The International Monetary Fund reached agreement with Ukraine on a $16.5 billion loan to help support the nation's financial system as turmoil in global credit markets and recession concerns roil the eastern European country.
The 24-month stand-buy loan will be conditional on parliamentary approval of legislation to support the country's bank, the Washington-based lender said in an e-mailed statement today without elaborating. Ukraine will also need to balance the budget and address the current-account deficit, the Kiev-based Ukrainian central bank said in a separate statement.
The loan may ensure financial stability and rebuild confidence among investors, who've shunned riskier emerging- market assets in a flight to safety. Ukraine is the least creditworthy of Europe's transition economies measured by the cost of credit-default swaps, which protect bondholders against default.
``This program is focused on the essential upfront measures needed to maintain confidence and economic and financial stability,'' IMF Managing Director Dominique Strauss-Kahn said in the statement. ``The strength of the program justifies the high level of access, equivalent to 800 percent of Ukraine's quota in the Fund.''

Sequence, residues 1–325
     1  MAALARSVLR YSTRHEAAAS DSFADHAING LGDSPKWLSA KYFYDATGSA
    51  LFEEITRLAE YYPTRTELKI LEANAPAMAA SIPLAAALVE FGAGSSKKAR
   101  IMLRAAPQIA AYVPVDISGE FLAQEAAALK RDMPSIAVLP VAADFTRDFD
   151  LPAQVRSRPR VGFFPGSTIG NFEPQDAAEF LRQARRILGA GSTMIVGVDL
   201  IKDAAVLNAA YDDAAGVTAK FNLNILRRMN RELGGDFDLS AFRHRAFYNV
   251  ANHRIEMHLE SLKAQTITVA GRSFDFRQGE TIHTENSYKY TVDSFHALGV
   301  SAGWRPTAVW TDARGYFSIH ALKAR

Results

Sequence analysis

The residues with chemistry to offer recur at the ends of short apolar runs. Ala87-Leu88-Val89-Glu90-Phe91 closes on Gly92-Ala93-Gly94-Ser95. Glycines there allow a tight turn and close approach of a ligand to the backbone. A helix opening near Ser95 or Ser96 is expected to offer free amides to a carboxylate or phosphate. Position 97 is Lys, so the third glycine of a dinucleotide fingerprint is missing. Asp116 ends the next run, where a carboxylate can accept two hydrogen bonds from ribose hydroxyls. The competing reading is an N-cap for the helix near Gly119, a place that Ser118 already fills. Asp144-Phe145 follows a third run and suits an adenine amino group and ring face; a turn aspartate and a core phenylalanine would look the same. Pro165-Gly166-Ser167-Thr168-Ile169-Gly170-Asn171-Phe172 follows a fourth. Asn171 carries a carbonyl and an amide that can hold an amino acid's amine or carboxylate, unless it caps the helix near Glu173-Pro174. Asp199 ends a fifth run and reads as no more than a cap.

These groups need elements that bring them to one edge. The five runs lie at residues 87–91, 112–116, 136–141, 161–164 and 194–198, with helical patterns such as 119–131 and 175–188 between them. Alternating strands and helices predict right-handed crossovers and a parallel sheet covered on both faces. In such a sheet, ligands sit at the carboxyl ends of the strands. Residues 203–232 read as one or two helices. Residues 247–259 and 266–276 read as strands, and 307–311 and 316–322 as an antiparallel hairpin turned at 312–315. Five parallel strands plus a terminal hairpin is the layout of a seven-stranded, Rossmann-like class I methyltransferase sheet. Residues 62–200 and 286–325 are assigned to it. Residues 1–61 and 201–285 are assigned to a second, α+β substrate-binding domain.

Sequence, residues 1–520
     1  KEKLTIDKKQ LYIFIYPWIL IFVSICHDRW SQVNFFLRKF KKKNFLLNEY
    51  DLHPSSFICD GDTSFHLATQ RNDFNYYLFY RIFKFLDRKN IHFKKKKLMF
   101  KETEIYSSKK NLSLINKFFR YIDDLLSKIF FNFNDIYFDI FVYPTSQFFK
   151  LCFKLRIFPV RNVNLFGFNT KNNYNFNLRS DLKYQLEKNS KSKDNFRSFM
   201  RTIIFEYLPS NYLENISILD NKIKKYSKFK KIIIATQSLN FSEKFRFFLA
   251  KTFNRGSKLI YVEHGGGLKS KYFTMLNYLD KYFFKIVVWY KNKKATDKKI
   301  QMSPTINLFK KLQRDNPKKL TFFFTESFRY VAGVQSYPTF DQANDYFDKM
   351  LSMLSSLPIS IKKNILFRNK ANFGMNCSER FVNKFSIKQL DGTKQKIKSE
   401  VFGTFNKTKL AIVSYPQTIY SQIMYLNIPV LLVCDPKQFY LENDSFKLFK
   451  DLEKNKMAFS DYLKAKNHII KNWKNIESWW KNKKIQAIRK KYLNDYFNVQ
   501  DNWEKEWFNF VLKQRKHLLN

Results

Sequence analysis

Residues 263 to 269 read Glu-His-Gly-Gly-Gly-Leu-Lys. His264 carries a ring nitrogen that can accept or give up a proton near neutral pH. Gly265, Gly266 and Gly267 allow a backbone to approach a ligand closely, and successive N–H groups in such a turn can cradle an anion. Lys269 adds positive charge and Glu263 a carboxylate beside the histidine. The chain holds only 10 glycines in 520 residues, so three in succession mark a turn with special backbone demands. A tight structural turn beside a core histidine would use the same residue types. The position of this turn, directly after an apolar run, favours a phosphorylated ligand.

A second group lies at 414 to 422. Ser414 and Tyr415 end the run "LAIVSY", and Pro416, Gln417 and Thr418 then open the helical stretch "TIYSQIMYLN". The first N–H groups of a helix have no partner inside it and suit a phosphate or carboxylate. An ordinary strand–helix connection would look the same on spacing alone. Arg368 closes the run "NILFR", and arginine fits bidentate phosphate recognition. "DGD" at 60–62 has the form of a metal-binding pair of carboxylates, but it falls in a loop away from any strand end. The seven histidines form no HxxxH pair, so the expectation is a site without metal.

Fitch Ratings on Oct. 17 cut Ukraine's credit rating to B+, four steps below investment grade, citing the currency's weakness, instability in the banking system and risks to economic growth.
International credit rating companies say the threat to Ukrainian banks has intensified because of the seizing-up of global credit markets, the high inflation rate, a widening current-account deficit and political instability.
The central bank pledged to support the banks and has injected more than 16.25 billion hryvnia ($3.13 billion) into the banking system this month, almost three times the figure it loaned in September. It also took control of Prominvestbank in recent weeks and promised an injection of 5 billion hryvnia to help the lender ``renew its financial stability'' after a run by depositors.